Farm Giants Expect Continued Food-Supply Problems Despite Ukraine Grain Deal

Source: By Patrick Thomas, Wall Street Journal • Posted: Sunday, July 31, 2022

Grain traders ADM, Bunge say crop supplies are tight and consumer demand is steady as commodity prices fall

The prospect of Ukrainian wheat reaching global markets has put downward pressure on the price of the commodity.PHOTO: ROMAN PILIPEY/SHUTTERSTOCK

The world’s supply of crops is under pressure and likely to remain that way even as grain prices fall, say some of the world’s largest agriculture companies.

Russia’s invasion of Ukraine is continuing to disrupt supplies from one of the world’s top grain-exporting regions. Bad weather affecting big crop-producing regions, including in South America, is also helping to fuel the supply crunch.

Archer Daniels Midland Co. ADM 4.31% and Bunge Ltd., BG 3.37% among the companies that dominate global grain trading and processing, said this past week that this combination is keeping supplies tight while the appetite for agriculture products such as cooking oils and soybean meal for livestock feed remains robust.

“We need to have two very good years of good crops in North America and South America to bring a little bit more relief to the current supply-demand inventories,” ADM Chief Executive Juan Luciano told analysts Tuesday. Traders such as ADM, Bunge and privately held Cargill Inc. help direct the flow of corn, soybeans, wheat and other commodities around the world.

Some ships in Ukraine’s grain-exporting port of Odessa have been docked for months, limiting world supplies.Photo: David Goldman/Associated Press

Security personnel on Friday guard a grain-storage terminal in Odessa, a major Ukrainian Black Sea port.Photo: David Goldman/Associated Press

Prices for agricultural commodities including corn and wheat have fallen in recent weeks, following a monthslong surge in the wake of Russia’s invasion of Ukraine in late February. Fears of a recession and easing concerns over world food shortages after a recent deal between Ukraine and Russia to export grain through the Black Sea are reversing a sharp rally in grain markets.

Futures prices for wheat at the Chicago Board of Trade have fallen about 13% over the past month.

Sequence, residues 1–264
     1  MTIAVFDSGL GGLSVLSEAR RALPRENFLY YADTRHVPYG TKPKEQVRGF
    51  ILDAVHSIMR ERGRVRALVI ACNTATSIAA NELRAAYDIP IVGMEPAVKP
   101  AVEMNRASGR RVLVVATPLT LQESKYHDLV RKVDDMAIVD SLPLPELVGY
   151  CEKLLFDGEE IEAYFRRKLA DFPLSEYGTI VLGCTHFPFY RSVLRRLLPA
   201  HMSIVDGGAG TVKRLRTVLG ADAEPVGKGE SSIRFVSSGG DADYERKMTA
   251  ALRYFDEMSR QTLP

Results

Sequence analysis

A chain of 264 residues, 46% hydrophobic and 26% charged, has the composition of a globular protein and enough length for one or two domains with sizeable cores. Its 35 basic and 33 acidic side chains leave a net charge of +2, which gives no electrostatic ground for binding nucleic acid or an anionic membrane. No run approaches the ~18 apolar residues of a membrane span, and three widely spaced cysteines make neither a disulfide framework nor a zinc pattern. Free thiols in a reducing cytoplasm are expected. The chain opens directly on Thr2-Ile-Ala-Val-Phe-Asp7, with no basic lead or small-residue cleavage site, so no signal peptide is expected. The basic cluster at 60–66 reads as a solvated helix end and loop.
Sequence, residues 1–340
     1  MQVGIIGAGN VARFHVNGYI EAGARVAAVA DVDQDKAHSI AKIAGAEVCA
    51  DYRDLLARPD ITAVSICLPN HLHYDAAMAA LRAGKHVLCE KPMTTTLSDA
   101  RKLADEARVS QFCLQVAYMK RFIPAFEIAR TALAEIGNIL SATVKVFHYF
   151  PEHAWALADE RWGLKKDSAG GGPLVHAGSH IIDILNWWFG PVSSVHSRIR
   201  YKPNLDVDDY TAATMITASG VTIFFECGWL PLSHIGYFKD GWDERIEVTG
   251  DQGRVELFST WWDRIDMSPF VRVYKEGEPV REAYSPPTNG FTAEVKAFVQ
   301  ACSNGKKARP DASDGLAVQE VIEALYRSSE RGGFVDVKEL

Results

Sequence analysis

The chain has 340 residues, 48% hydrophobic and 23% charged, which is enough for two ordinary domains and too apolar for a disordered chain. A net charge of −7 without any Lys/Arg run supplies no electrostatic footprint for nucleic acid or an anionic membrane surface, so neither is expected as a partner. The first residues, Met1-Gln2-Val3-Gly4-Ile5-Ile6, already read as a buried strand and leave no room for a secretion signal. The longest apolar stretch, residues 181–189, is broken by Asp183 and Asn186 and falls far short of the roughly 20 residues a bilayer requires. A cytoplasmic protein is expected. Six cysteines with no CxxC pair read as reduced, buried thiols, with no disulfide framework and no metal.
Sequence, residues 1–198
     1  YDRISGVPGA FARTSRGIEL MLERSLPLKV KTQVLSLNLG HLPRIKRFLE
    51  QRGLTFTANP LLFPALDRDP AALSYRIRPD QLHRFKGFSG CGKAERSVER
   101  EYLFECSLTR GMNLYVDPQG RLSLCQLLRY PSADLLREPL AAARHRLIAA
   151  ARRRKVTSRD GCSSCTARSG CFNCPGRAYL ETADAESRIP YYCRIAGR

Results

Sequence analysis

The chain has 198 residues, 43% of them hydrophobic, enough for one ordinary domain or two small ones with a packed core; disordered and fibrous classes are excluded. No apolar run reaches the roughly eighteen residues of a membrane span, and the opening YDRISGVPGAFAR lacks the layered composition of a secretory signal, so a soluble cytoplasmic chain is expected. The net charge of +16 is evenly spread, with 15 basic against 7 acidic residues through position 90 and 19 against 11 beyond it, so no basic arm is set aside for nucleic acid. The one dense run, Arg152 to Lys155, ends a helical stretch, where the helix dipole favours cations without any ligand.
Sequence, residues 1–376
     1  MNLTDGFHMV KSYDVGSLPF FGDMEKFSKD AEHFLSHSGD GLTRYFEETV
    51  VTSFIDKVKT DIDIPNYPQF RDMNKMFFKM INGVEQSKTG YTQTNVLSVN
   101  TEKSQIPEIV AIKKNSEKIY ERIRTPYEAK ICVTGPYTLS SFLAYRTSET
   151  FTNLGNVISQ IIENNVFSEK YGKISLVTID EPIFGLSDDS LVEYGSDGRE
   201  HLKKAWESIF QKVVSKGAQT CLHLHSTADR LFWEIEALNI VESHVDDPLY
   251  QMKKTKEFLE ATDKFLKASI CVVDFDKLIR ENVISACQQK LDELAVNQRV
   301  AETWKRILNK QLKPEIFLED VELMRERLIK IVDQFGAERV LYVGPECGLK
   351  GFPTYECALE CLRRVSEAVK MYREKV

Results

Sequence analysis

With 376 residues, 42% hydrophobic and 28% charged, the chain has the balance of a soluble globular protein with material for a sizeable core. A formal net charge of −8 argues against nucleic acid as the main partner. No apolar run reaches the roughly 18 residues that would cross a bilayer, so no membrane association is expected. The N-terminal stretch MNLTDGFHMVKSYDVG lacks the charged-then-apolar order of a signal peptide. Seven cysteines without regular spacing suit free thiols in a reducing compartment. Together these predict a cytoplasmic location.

Even though commodity prices have cooled, they remain at elevated levels compared with recent years, said agriculture executives. The export deal with Russia could free millions of tons of grain trapped in Ukrainian silos and would help alleviate some of the squeeze on food, but it will take time before shipments begin to flow, Mr. Luciano said this past week.

It is difficult to get enough fuel and to recruit crews for larger ships, said Mr. Luciano. Insurance costs for the voyages are also high, potentially making it difficult to secure financing for larger transactions and build confidence that the deal between the warring nations can hold, he said. Also, the grain deal in Ukraine was clouded by uncertainty after Russia launched a missile attack on the port of Odessa, one of the grain-exporting ports covered under the agreement.

“You’re going to see a little bit of a trickle down of exports,” said Mr. Luciano, adding that the first shipments out will likely be done by smaller boats. “If we don’t have access to those inventories…next year we may have an availability issue for food.”

Ports in Ukraine are still damaged, including St. Louis-based Bunge’s facility in Mykolaiv. Greg Heckman, CEO of Bunge, the world’s largest oilseed processor, told analysts on a Wednesday call that a plentiful harvest in North America this year would help relieve some of the stress on the world’s crop supply.

A corn crop in Texas died amid extreme heat and drought in July.Photo: Jordan Vonderhaar/Bloomberg News

However, corn crops were planted late this year after a wet spring and, in recent weeks, intense heat and persistent drought in certain parts of the U.S. are making it harder for farmers to keep their crops alive. “North American weather is still critical,” Mr. Heckman said on the call. “In the next two months, the world needs us to develop a good crop here in North America, and we expect that’ll happen.”

Grain traders reported higher adjusted profits in their latest quarter that ended in June. ADM’s agricultural services and oilseeds business, its largest, nearly doubled its operating profit from a year ago for the three months that ended June 30. Customers are continuing to buy Bunge’s soybean meal and oils, it said, and it is raising its profit forecast for the rest of the year.

Concerns that a slowing economy could reduce demand for farm goods has weighed on food-commodity prices, say economists. Illinois-based ADM said this past week that demand for its soybean-meal animal feed for poultry and its plant-based biofuels remains strong since it is tied to more long-term initiatives to reduce emissions.

Write to Patrick Thomas at